ALBANY -- When you think of Christmas, a red and green color scheme comes to mind.
for those concerned with the environment, the green part is gaining popularity.
Julia Bowles, director of Keep Albany-Dougherty Beautiful, says that many of the steps people can take to conserve have benefits that may not be obvious at first glance.
"I think during the Christmas season we need to be particularly mindful to recycle, not just to recycle, but it can also cut down on crimes," Bowles said. "You get a new computer and if you don't break that box down and recycle it and you put it by your trash receptacle instead, everybody that wants to break into your house is going to know you got a new computer or a new TV set.
"Recycling works in a positive manner in more than one way for us."
Keep Albany-Dougherty beautiful has come up with the three R's for keeping the green in Christmas: Reduce, Reuse and Recycle.
But that doesn't mean you have to rub the shine off the ornaments, so to speak.
For instance, reducing can be as simple as planning so that you don't waste food -- those leftovers that seem to never go away -- or turning off the Christmas lights during the daylight hours.
And if you put up Christmas lights, you might want to invest in the newer ones that are more environmentally friendly.
"They are environmentally much better. Your old light bulbs have mercury in them and that is a hazardous material. New bulbs are a lot more environmentally friendly and can be recycled"
Other ways to conserve include investing in your own digital camera, which you can use year round, rather than buying a disposable camera that will be discarded. And you can choose gifts that require little packaging, such as gift cards and tickets to events.
"We, as citizens, need to be environmentally aware and we need to reuse and redo the waste that we're putting in our landfill," Bowles said.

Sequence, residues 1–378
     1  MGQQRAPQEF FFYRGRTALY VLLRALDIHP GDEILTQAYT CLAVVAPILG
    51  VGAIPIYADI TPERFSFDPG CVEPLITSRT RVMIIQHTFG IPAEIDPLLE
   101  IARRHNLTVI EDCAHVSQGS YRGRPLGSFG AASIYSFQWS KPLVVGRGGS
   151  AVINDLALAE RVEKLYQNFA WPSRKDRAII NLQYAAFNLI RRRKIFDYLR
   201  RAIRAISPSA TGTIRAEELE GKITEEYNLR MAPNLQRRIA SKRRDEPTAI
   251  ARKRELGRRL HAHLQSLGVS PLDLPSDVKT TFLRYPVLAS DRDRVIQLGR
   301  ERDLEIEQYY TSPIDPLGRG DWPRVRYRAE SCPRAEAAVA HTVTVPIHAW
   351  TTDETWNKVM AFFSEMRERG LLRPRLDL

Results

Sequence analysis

Take today's newspaper, for instance. That color comics section can easily be repurposed.
"I've just been to a party and somebody wrapped a gift with the comics paper," Bowles noted. "It was very attractive, an eye-catcher and started conversation. It's a great way to reuse that paper."
Other reusable ideas:
-- Include a charger and rechargable batteries with any electronic gifts;
-- Compost leftover food scraps, leaves and grass clippings;
-- Donate unwanted gifts to charity or have a yard sale;
-- Buy a Christmas tree that's in a container that you can plant later.
"They're easy to find," Bowles said of containerized Christmas trees. "You just need to go to a nursery and purchase one, and then it looks great in your yard when you plant it.
"You've helped the environment two different ways."
In the recycling area, keeping those cardboard boxes off the street is a personal and home safety measure.
Other recycling ideas include having recycling containers for aluminum, glass and plastic available for your guests at holiday parties and get-togethers and checking the labels on a gift to determine whether its made from recycled material.
And everyone will be looking for a resolution come New Year's Day. Bowles suggests a commitment to recycling throughout the year.
One thing that has disappeared, at least on the surface, are the Christmas tree recycling stations that KADB used to operate in January,
"We used to do that every year and then the state banned burying yard debris in the landfill," Bowles said. "That was the reason we did the project, so you wouldn't bury it. Now what happens is the city picks them up, no matter whether I collect them or you put them in your alley, and they take them to the inert landfill and grind them up and anybody can go out and get mulch who wants to, free of charge. So that need is gone."
The main thing, Bowles said, is to plan for the holidays with an eye toward conserving when possible.
"I think we all need to have it to brought to the forefront every year so we think about it all the time," she said.